There are several terms to characterise payment systems in the way their architecture is structured. I would like to elaborate a bit on the modular payment systems. How does that work?
A modular payment system is based on one central framework that is able to process different types of payments. The opposite of modular payment systems are silo-based payment systems, where every type of payments is processed by its own infrastructure. Depending
on the case the silos can be very narrow! In the past most payment infrastructures were silo-based, because it was easy: every new requirement got a new solution, without considering the existing infrastructure. But payments service providers and banks are
more and more convinced to move towards a modular based approach. This increases standardisation and decreases costs of course.
In order to get to that modular approach it is very important to see the synergies between several payment products. The last couple of years smart payments people realised there are more synergies in the payments industry than they thought in the past.
However, I still miss an important part of payments...
When one talks about modular based systems in the payments industry many people think of creating one module for many types of credit transfers (national - sepa - international) to be processed on one main architecture. My question is: is a system still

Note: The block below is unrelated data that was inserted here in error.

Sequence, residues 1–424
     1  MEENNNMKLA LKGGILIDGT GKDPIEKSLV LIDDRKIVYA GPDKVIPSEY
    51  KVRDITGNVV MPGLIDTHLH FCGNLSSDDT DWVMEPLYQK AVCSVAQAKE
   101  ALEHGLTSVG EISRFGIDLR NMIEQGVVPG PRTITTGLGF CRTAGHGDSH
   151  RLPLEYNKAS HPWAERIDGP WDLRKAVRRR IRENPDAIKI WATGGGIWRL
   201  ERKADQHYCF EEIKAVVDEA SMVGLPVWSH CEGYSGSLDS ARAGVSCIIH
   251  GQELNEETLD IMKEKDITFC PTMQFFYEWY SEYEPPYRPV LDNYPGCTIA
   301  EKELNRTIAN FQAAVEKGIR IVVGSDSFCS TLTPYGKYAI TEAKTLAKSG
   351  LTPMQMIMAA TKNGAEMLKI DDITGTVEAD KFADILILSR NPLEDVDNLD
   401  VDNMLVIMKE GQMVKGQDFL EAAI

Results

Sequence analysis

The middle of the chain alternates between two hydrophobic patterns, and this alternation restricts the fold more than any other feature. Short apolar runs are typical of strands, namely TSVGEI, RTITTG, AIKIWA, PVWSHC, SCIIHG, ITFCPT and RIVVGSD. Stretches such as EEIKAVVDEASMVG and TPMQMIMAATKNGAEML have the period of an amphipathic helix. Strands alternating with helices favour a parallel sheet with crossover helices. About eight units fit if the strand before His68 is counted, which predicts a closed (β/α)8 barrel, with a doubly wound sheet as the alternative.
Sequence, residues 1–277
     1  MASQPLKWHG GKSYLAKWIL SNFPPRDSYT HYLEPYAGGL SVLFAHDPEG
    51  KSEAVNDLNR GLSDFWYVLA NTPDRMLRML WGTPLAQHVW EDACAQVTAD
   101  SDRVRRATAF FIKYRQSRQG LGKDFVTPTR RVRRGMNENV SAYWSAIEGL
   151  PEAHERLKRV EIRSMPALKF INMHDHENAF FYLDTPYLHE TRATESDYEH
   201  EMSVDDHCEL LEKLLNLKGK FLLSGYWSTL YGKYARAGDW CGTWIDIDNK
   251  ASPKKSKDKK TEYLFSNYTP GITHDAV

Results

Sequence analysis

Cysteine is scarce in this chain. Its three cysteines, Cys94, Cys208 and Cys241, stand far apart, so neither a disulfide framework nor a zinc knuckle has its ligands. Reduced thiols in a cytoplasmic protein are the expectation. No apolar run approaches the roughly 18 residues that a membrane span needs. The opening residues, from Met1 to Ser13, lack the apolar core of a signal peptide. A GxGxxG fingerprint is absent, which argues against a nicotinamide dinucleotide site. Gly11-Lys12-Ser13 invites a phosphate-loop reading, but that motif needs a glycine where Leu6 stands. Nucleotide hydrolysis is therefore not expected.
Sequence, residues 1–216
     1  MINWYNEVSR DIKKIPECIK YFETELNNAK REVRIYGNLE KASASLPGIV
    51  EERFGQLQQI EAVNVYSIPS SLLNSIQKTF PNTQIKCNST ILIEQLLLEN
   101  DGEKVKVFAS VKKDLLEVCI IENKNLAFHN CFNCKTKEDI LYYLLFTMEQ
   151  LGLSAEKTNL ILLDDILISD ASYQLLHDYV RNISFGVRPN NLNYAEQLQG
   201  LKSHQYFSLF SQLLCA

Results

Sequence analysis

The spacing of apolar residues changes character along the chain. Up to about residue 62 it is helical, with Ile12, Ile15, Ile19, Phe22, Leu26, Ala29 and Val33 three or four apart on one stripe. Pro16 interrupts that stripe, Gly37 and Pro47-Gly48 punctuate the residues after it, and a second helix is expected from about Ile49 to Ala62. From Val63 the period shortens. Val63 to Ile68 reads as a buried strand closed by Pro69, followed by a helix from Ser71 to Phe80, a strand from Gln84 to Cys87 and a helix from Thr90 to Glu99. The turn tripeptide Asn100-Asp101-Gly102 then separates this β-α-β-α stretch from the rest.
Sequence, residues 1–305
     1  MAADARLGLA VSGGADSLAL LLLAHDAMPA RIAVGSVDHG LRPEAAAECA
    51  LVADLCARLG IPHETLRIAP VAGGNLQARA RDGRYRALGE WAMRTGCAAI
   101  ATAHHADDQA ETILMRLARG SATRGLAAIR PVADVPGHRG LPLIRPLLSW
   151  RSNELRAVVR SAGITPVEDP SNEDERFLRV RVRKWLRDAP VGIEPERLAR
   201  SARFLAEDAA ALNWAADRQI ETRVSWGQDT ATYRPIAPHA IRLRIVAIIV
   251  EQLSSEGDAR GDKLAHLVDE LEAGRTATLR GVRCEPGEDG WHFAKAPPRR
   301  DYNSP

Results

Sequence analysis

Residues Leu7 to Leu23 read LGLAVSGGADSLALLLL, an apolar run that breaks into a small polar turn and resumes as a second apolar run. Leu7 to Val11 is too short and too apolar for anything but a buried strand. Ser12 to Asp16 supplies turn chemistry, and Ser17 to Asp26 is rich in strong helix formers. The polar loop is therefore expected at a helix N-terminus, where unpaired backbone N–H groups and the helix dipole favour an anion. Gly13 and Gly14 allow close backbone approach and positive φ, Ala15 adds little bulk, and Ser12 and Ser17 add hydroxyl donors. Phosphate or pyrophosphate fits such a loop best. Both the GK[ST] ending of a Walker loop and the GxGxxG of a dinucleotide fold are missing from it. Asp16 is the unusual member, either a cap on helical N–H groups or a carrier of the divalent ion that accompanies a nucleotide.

modular if we only take credit transfers into account? Didn't we just create silos based on payment products in that case? Or is it because the other payment product are so different that there is not a possibility to combine them into 1 silo?
You definately reduce a lot of costs by simply working on payment products to create modules in your payment infrastructure, but we see more examples of cross-product silos as well.
I have seen documents from the States where credit transfers and checks were processed in one transaction module to save costs. That is one way to approach modular based payment systems, and probably an important one for the United States, where cheque still
play a considerable role in the payments landscape.
In Europe you see SEPA modules, as well as credit transfer modules. Clear2Pay goes even a bit further by creating one main module on wich you can connect a SEPA solution (for direct debit AND credit transfer), or international payments solution for example
and even an imaged check solution. So many payment products are indeed covered already, but....
What I miss in every story are card transactions. Why would one keep card transactions in a seperate silo instead of combining it in the payments modular based infrastructure?
It seems pretty hard to find more info there. However I do see synergies cards and other payment processing as well. If also cards payments could for example be converted to something more general they could also be put in one payment module.